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This dispute concerns oil and gas leases granting the Energy Companies specified rights to extract oil and gas underlying the Landowners' real property. The Energy Companies failed to produce oil and gas from the properties within the leases' primary terms and the Landowners subsequently filed suit seeking a declaration that the leases had expired. On appeal, the Energy Companies challenged the district court's grant of summary judgment to Landowners, and denial of summary judgment to the Energy Companies. The court concluded that this case turns on significant and novel issues of New York law concerning the interpretation of oil and gas leases and the court certified two questions of New York law to the New York Court of Appeals: (1) Under New York law, and in the context of an oil and gas lease, did the State's Moratorium amount to a force majeure event? and (2) If so, does the force majeure clause modify the habendum clause and extend the primary terms of the leases?View "Beardslee v. Inflection Energy, LLC" on Justia Law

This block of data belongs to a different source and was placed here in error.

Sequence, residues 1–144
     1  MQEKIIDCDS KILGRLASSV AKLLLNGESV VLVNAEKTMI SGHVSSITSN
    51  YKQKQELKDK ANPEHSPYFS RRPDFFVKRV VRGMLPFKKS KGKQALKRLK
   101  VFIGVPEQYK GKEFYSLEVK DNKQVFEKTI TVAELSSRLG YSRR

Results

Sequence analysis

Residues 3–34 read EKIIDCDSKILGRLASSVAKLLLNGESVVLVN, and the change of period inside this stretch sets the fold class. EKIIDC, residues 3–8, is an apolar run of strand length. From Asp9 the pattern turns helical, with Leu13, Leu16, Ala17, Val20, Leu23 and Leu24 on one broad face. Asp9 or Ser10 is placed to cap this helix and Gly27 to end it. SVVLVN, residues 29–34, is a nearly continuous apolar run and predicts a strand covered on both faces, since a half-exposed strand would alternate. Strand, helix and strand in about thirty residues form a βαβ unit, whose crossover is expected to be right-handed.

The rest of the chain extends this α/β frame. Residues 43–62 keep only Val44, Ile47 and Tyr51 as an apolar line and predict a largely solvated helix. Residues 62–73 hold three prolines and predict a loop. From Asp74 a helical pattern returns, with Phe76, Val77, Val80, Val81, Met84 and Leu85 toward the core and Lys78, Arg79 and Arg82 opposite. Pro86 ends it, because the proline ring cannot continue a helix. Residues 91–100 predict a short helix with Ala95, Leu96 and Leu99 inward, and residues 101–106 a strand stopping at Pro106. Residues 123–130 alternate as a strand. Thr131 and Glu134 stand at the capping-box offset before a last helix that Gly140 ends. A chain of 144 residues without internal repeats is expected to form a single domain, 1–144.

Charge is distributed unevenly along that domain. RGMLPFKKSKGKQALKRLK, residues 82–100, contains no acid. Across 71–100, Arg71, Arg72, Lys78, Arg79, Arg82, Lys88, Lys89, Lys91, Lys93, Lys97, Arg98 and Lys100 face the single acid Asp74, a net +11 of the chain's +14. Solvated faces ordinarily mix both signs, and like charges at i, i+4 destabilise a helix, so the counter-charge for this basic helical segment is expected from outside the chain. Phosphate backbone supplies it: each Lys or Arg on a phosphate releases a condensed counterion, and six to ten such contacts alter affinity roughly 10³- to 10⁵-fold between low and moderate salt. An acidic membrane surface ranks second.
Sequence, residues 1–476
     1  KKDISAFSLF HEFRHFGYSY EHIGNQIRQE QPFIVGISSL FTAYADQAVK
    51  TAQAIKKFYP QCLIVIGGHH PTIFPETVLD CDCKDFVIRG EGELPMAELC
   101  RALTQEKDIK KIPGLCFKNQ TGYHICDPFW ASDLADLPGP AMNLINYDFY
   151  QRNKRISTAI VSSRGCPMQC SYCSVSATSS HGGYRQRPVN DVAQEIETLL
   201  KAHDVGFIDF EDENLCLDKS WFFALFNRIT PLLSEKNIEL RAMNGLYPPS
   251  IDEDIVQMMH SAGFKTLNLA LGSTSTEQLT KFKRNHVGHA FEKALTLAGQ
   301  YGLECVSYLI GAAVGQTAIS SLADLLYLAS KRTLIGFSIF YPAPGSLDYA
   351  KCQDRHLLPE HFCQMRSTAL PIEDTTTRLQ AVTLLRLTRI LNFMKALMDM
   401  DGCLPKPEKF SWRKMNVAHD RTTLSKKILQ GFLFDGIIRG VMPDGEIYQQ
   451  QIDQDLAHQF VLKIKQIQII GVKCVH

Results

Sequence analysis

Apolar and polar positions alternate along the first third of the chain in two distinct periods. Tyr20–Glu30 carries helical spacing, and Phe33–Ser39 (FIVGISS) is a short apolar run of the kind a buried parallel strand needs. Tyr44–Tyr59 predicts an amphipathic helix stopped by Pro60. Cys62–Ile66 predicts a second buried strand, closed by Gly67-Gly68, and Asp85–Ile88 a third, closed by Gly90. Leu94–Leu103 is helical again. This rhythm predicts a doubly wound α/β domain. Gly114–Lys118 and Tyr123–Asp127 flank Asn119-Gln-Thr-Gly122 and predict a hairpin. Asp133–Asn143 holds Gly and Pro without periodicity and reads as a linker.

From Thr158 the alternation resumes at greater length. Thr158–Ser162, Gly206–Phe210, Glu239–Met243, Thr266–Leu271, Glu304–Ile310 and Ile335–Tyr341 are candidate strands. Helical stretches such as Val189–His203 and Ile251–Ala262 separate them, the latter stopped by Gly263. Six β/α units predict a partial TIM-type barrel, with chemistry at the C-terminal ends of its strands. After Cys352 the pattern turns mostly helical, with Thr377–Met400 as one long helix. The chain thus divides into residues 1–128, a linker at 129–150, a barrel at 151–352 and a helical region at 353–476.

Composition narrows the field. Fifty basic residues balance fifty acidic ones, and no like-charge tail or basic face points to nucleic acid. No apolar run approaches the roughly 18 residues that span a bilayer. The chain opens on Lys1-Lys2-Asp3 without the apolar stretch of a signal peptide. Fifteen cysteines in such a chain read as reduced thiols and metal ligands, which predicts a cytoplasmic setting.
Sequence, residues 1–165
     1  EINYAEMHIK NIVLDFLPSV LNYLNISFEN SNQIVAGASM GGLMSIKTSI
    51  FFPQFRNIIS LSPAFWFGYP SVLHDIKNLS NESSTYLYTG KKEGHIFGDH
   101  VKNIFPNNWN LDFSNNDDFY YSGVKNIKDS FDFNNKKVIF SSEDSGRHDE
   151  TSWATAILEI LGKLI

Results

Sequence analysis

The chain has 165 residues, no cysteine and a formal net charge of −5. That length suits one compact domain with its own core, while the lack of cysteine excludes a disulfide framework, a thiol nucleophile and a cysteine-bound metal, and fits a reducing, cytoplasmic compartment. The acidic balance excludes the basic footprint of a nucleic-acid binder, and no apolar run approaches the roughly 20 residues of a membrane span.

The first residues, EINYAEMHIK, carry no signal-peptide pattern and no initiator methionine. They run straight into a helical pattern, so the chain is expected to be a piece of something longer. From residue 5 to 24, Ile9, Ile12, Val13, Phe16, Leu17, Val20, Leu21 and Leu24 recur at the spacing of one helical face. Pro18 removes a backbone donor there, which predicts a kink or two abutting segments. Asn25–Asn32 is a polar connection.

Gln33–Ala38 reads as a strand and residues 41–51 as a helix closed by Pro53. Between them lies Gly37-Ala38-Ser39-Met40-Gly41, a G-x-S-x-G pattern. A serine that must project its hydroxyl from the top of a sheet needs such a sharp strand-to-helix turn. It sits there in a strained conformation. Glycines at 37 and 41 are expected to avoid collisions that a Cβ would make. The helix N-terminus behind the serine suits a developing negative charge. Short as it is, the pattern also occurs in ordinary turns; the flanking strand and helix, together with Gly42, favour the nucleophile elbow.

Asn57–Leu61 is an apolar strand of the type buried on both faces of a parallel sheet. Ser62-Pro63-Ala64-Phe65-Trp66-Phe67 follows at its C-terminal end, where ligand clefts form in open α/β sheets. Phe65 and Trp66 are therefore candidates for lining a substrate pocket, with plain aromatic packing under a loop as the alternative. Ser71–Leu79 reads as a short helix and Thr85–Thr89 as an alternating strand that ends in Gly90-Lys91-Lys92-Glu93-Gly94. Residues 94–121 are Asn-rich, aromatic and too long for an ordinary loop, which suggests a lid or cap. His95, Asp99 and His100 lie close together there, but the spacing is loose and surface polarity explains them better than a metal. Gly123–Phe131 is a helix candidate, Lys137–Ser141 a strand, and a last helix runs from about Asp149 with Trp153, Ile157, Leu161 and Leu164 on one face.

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NYSEG filed suit against FirstEnergy under section 107(a) of the Comprehensive Environmental Response, Compensation, and Liability Act of 1980 (CERCLA), 42 U.S.C. 9601 et seq., to recover certain costs incurred in remediating coal tar contamination at certain of NYSEG's manufactured gas plants in upstate New York. NYSEG contends that FirstEnergy is liable as the successor to NYSEG's former parent company, AGECO, for a portion of the cleanup costs. FirstEnergy filed counterclaims against NYSEG and third-party claims against I.D. Booth, the current owner of one of the sites, for cost contribution under section 113(f). The district court held that NYSEG was entitled to recover certain cleanup costs from FirstEnergy based on a veil piercing theory, but limiting that recovery to certain sites. The district court also found I.D. Booth liable for a portion of the cleanup costs at one site. The court held that NYSEG's CERCLA claims against FirstEnergy are not barred by the covenant not to sue; AGECO is not directly liable under CERCLA as an operator; FirstEnergy is liable to NYSEG on a veil piercing theory based on AGECO's control of NYSEG from 1922 to January 10, 1940, but not for contamination created by other AGECO subsidiaries before those subsidiaries merged into NYSEG; NYSEG's claims as to the (a) Plattsburgh site are timely, (b) Norwich site are untimely, and (c) Oswego site are untimely; the district court did not err in calculating total gas production at the sites; the district court did not abuse its discretion in reducing NYSEG's recovery from FirstEnergy by a portion of NYSEG's $20 million insurance settlement; the district court did not abuse its discretion in declining to reduce NYSEG's recovery to reflect the increased value of the remediated properties or NYSEG's alleged delay in the remedial efforts; and I.D. Booth is liable for a portion of cleanup costs and the district court did not abuse its discretion in apportioning liability in this respect. Accordingly, the court affirmed in part, vacated in part, and remanded for further proceedings. View "New York State Elec. & Gas v. FirstEnergy Corp." on Justia Law